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Source: Enterprise IT Planet

Posted on December 16, 2005

      Neither the Bush administration nor Congress is providing significant leadership or legislation to secure the United States against cyber attacks, a security trade association charged Tuesday.

      In its first public criticism of the White House and lawmakers' efforts to follow up on President Bush's 2003 much-ballyhooed National Strategy to Secure Cyberspace, the Cyber Security Industry Alliance (CSIA) said Washington has taken only "limited steps" to improving the security of the nation's infrastructure.

      The steps are so limited, the CSIA contends, that it gave both the White House and Congress a D for their efforts in 2005.

      "Currently, there is little strategic direction or leadership from the executive branch in the area of information security," said Paul Kurtz, CEO of the CSIA. "Ensuring the resiliency and integrity of our information infrastructure and protecting the privacy of our citizens should be higher on the priority list for our government."

      Kurtz said this year's massive data breaches, a barrage of security vulnerabilities and the disruption of communications during Hurricane Katrina highlight the urgent need for improved information security preparedness and response.

      Instead, Congress has so far failed to pass either data-breach disclosure or spyware legislation. Lawmakers did approve creating the new position of Assistant Secretary of Cyber Security with the Department of Homeland Defense, but the White House has yet to fill the slot.

      "Six months downstream, it's time to put a person in that place," Kurtz said. "Part of leadership is delegation."

      Kurtz called the 2004 Homeland Security Presidential Directive calling for the United States to reduce identity fraud and protect personal privacy a "toothless tiger with no money attached to it."

      Kurtz also noted government cyber-security funding has been cut.

      "CSIA believes the government has a responsibility to lead, set priorities, coordinate and facilitate protection and response," Kurtz said.

      To underscore the economic impact of Washington's inaction on cyber security, the CSIA also issued its first Digital Confidence Index (DCI), benchmarking the confidence of Americans in the country's information infrastructure. The first numbers came up with a DCI ranking of 58 on a 100-point scale.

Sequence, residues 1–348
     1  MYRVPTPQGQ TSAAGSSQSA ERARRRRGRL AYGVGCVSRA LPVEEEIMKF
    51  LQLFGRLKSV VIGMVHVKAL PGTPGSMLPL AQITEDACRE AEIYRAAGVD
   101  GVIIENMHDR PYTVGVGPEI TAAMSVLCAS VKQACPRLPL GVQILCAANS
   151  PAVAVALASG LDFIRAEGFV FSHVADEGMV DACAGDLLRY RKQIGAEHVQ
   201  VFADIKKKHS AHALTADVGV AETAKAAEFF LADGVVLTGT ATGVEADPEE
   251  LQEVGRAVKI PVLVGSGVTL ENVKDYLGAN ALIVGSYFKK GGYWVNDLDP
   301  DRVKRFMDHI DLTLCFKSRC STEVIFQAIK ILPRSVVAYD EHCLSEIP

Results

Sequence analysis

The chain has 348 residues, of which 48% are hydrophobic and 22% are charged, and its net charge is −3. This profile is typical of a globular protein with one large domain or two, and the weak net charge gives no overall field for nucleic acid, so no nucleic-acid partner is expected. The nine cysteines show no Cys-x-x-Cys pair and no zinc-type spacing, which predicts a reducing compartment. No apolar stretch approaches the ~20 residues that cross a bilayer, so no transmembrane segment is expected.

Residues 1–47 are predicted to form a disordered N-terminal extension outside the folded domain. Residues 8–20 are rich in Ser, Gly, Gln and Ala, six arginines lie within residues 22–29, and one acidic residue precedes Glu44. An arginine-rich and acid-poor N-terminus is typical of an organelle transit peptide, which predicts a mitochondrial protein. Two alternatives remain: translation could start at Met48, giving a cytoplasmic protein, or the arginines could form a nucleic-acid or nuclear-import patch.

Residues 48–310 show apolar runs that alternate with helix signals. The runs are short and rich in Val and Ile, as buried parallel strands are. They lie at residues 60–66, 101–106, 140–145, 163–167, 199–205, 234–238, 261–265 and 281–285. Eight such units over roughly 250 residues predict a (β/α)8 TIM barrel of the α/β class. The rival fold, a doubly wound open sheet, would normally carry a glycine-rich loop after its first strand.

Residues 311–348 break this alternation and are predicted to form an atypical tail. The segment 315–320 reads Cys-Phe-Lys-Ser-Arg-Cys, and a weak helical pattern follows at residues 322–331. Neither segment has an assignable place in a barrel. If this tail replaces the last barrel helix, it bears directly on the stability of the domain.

The DCI benchmarks six areas of U.S. confidence: finance, health data, telecommunications, Internet, consumer data and power grids.

      "A score of 58 on the DCI is less than a passing grade. That's not a good sign," said James Lewis, director of the Technology and Public Policy Program for the Center of Strategic and International Studies. "It's getting kind of old that we're not making progress."

      Lewis added, "The effect of a loss of confidence in the networks Americans rely on every day for business transactions, electricity, personal and business communications and even health services will be felt over time."

      Having flunked Washington's 2005 cyber security efforts, the CSIA, whose members include Entrust, RSA Security, McAfee and Symantec, challenged lawmakers and the administration to a new set of goals.

      CSIA's 2006 agenda will address implementing national laws on data breach notification and spyware, filling the Assistant Secretary of Cyber Security position and increasing funding for cyber-security research and development.

      The purpose of our [agenda] is not to dwell on past events or direct blame on any one institution," Kurtz said. "Rather, we wanted to assess where we are today in terms of protecting the integrity of the information infrastructure so that we can determine which steps need to be taken to make improvements."

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